In Commonwealth v viagra faut il une ordonnance. Mejia, the Court of Appeals ruled that the judge did not err in admitting excerpts from several recorded telephone calls that the defendant made from jail following his arrest. The case arose from an incident in which “a group of unidentified individuals dressed in black opened fire on a car…. The occupants of the vehicle, two men and two women, were awaiting the return of the defendant … to complete a drug transaction. Both of the male occupants were shot and wounded; the female occupants were unharmed.” “Prior to trial, the Commonwealth filed a motion in limine to admit excerpts from the recorded … calls…. The Commonwealth contended that it could be inferred from the defendant’s statements that he was orchestrating an attempt to influence the testimony of a female witness…. After reviewing the content of the calls, and learning that this was the only case pending against the defendant at the time they were made, the judge” allowed the motion in limine.
The content of the calls presented to the jury was as follows. “In the first call, the defendant tells the other party that he needs to know promptly whether an unidentified female is willing to ‘sing’ and ‘do the hook,’ because he has to decide whether to take a plea the next day. In a later call, the defendant describes a plea offer he received, the counteroffer he proposed, and the judge’s rejection of the deal because ‘the girl’ was ‘complaining,’ ‘crying,’ ‘sitting in the courtroom.’” “In a conversation that took place three days after the defendant’s arrest, the defendant asks, ‘Did you talk to that girl?’ Then he states, ‘Make sure they didn’t try to get in contact with her.’ In a later conversation, the defendant directs the other person not to be mad ‘at his girl,’ and to tell her that the defendant was ‘good,’ and ‘chillin’ and the ‘wrong person.’ In another call, the defendant discusses rap music and asks the other party to see if the girl will ‘sing the chorus.’ In the last call, the defendant refers to the girl as ‘a snitch,’ and discusses whether she will ‘show up.’”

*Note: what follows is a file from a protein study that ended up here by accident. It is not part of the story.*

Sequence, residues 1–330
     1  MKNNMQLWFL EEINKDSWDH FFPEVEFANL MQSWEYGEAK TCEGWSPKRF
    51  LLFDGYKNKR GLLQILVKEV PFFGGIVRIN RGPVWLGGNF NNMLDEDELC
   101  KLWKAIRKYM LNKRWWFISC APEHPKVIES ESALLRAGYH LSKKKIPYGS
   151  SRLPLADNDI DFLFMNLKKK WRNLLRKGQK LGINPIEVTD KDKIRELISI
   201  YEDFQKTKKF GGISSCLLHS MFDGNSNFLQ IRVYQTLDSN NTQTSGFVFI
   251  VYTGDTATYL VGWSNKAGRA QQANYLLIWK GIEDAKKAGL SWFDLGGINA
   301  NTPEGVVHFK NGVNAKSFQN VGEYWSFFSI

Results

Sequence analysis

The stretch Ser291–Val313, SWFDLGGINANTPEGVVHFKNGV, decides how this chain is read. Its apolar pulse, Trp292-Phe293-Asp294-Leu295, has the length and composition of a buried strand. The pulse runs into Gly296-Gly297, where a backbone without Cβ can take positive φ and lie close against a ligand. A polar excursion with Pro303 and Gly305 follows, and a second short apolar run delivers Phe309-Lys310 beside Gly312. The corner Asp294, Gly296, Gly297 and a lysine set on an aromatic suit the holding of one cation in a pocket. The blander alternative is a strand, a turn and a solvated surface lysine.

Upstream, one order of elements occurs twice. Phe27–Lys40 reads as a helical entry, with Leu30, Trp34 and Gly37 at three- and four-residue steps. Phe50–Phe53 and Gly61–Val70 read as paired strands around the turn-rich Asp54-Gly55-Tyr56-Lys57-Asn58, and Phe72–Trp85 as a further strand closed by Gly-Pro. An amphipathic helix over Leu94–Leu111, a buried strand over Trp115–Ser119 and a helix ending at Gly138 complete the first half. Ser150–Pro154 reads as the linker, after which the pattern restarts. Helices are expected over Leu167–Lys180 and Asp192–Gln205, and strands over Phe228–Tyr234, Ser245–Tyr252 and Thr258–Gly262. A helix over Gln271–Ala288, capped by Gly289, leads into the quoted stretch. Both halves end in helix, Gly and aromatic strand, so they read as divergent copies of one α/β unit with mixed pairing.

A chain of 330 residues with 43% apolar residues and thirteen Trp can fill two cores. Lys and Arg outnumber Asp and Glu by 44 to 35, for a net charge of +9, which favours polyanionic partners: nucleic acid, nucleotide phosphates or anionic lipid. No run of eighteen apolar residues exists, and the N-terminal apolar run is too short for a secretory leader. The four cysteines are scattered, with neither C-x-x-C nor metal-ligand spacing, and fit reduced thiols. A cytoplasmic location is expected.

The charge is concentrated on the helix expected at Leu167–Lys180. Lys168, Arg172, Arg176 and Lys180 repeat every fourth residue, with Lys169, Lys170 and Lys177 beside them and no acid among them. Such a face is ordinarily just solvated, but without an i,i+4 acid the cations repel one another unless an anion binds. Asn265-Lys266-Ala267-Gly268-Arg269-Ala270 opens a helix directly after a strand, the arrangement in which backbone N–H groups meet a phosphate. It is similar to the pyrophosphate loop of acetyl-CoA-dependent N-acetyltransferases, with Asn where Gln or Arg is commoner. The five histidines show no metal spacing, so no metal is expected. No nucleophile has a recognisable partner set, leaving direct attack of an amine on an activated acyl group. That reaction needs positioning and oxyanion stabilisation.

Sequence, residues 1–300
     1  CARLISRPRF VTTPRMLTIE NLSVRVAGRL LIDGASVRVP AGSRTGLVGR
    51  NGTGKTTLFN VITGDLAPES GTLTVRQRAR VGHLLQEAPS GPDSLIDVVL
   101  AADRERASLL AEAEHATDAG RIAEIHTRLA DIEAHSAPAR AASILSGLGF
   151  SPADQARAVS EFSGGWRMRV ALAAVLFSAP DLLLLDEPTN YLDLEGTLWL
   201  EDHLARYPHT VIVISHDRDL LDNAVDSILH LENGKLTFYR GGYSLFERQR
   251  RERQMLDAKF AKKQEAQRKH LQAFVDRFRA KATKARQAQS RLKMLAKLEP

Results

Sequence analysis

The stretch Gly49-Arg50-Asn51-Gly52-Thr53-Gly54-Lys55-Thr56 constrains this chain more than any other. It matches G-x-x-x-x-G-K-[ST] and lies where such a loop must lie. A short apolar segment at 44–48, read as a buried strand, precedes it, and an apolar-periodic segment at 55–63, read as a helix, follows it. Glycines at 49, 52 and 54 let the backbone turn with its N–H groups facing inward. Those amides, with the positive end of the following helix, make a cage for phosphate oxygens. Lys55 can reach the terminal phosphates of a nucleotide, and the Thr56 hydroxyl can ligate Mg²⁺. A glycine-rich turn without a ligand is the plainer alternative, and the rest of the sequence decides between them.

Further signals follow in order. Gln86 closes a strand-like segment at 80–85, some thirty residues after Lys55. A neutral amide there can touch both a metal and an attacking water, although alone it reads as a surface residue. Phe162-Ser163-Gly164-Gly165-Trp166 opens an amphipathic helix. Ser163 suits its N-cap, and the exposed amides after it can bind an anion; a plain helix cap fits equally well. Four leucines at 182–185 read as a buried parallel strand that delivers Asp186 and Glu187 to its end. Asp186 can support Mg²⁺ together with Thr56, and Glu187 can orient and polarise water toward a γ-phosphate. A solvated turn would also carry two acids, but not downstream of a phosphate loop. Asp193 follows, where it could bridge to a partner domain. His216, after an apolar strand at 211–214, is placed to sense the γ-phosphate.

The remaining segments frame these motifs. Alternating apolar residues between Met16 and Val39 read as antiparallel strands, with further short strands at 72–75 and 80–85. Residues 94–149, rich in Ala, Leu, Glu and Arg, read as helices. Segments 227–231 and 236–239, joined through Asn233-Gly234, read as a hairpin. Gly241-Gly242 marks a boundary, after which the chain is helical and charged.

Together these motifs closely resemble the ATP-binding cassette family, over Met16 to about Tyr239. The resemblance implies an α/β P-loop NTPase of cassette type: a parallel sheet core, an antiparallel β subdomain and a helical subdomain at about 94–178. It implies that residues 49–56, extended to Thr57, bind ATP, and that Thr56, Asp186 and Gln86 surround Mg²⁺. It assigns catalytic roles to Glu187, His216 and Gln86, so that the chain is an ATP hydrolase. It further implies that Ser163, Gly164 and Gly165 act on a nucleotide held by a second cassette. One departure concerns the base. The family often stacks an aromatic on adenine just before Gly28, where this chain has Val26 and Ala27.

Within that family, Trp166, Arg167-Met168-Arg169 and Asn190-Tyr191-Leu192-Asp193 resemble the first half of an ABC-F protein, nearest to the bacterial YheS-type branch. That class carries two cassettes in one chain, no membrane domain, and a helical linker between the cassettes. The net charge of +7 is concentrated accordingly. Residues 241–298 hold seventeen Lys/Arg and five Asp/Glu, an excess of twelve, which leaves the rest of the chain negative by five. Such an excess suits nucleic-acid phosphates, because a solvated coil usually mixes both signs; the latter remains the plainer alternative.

In his appeal, “the defendant’s first argument was that the admission of two calls referring to plea negotiations violated Mass. R. Crim. P. 12(f).” In rejecting that argument, the Appeals Court stated that “because the defendant’s statements were made to someone who had no authority to negotiate a plea, the judge properly admitted them under the authority of Commonwealth v. Boyarski,” The Court also rejected the defendant’s other claim, that the calls “did not relate to this case.” The Court opined that “despite the use of oblique language, the defendant’s statements were susceptible to the interpretation that he was directing the recipient of the call to contact a female witness and persuade her to provide favorable testimony. Therefore, the judge did not err in admitting the evidence and leaving it for the jury to evaluate.”